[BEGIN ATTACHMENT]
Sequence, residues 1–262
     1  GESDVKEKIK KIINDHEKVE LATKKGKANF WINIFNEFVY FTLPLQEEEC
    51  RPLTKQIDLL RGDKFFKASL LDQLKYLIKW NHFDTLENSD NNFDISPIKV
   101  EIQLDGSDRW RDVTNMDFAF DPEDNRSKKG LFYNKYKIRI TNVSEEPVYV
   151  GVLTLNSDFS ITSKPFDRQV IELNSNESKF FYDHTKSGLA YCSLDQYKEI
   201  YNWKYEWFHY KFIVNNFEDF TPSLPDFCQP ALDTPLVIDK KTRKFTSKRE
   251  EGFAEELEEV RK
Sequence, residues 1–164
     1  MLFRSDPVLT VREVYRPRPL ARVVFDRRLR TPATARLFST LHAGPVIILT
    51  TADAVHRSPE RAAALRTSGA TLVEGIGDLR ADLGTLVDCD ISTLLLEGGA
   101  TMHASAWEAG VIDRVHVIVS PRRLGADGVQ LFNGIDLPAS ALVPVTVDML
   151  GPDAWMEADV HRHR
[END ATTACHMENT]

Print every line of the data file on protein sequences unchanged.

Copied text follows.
Sequence, residues 1–262
     1  GESDVKEKIK KIINDHEKVE LATKKGKANF WINIFNEFVY FTLPLQEEEC
    51  RPLTKQIDLL RGDKFFKASL LDQLKYLIKW NHFDTLENSD NNFDISPIKV
   101  EIQLDGSDRW RDVTNMDFAF DPEDNRSKKG LFYNKYKIRI TNVSEEPVYV
   151  GVLTLNSDFS ITSKPFDRQV IELNSNESKF FYDHTKSGLA YCSLDQYKEI
   201  YNWKYEWFHY KFIVNNFEDF TPSLPDFCQP ALDTPLVIDK KTRKFTSKRE
   251  EGFAEELEEV RK
Sequence, residues 1–164
     1  MLFRSDPVLT VREVYRPRPL ARVVFDRRLR TPATARLFST LHAGPVIILT
    51  TADAVHRSPE RAAALRTSGA TLVEGIGDLR ADLGTLVDCD ISTLLLEGGA
   101  TMHASAWEAG VIDRVHVIVS PRRLGADGVQ LFNGIDLPAS ALVPVTVDML
   151  GPDAWMEADV HRHR